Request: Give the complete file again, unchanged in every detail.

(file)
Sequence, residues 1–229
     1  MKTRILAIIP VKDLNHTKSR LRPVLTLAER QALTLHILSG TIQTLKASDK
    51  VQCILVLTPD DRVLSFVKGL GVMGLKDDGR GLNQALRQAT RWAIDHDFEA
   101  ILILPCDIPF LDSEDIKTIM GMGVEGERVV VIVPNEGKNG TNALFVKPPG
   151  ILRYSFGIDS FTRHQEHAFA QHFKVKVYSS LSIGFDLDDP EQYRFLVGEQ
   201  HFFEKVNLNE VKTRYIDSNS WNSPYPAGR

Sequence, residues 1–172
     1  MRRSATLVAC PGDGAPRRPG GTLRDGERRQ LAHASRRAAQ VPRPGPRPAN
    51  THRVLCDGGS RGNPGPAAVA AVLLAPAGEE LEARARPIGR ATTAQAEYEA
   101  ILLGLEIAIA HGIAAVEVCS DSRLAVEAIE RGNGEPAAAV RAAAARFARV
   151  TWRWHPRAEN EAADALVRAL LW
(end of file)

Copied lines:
Sequence, residues 1–229
     1  MKTRILAIIP VKDLNHTKSR LRPVLTLAER QALTLHILSG TIQTLKASDK
    51  VQCILVLTPD DRVLSFVKGL GVMGLKDDGR GLNQALRQAT RWAIDHDFEA
   101  ILILPCDIPF LDSEDIKTIM GMGVEGERVV VIVPNEGKNG TNALFVKPPG
   151  ILRYSFGIDS FTRHQEHAFA QHFKVKVYSS LSIGFDLDDP EQYRFLVGEQ
   201  HFFEKVNLNE VKTRYIDSNS WNSPYPAGR

Sequence, residues 1–172
     1  MRRSATLVAC PGDGAPRRPG GTLRDGERRQ LAHASRRAAQ VPRPGPRPAN
    51  THRVLCDGGS RGNPGPAAVA AVLLAPAGEE LEARARPIGR ATTAQAEYEA
   101  ILLGLEIAIA HGIAAVEVCS DSRLAVEAIE RGNGEPAAAV RAAAARFARV
   151  TWRWHPRAEN EAADALVRAL LW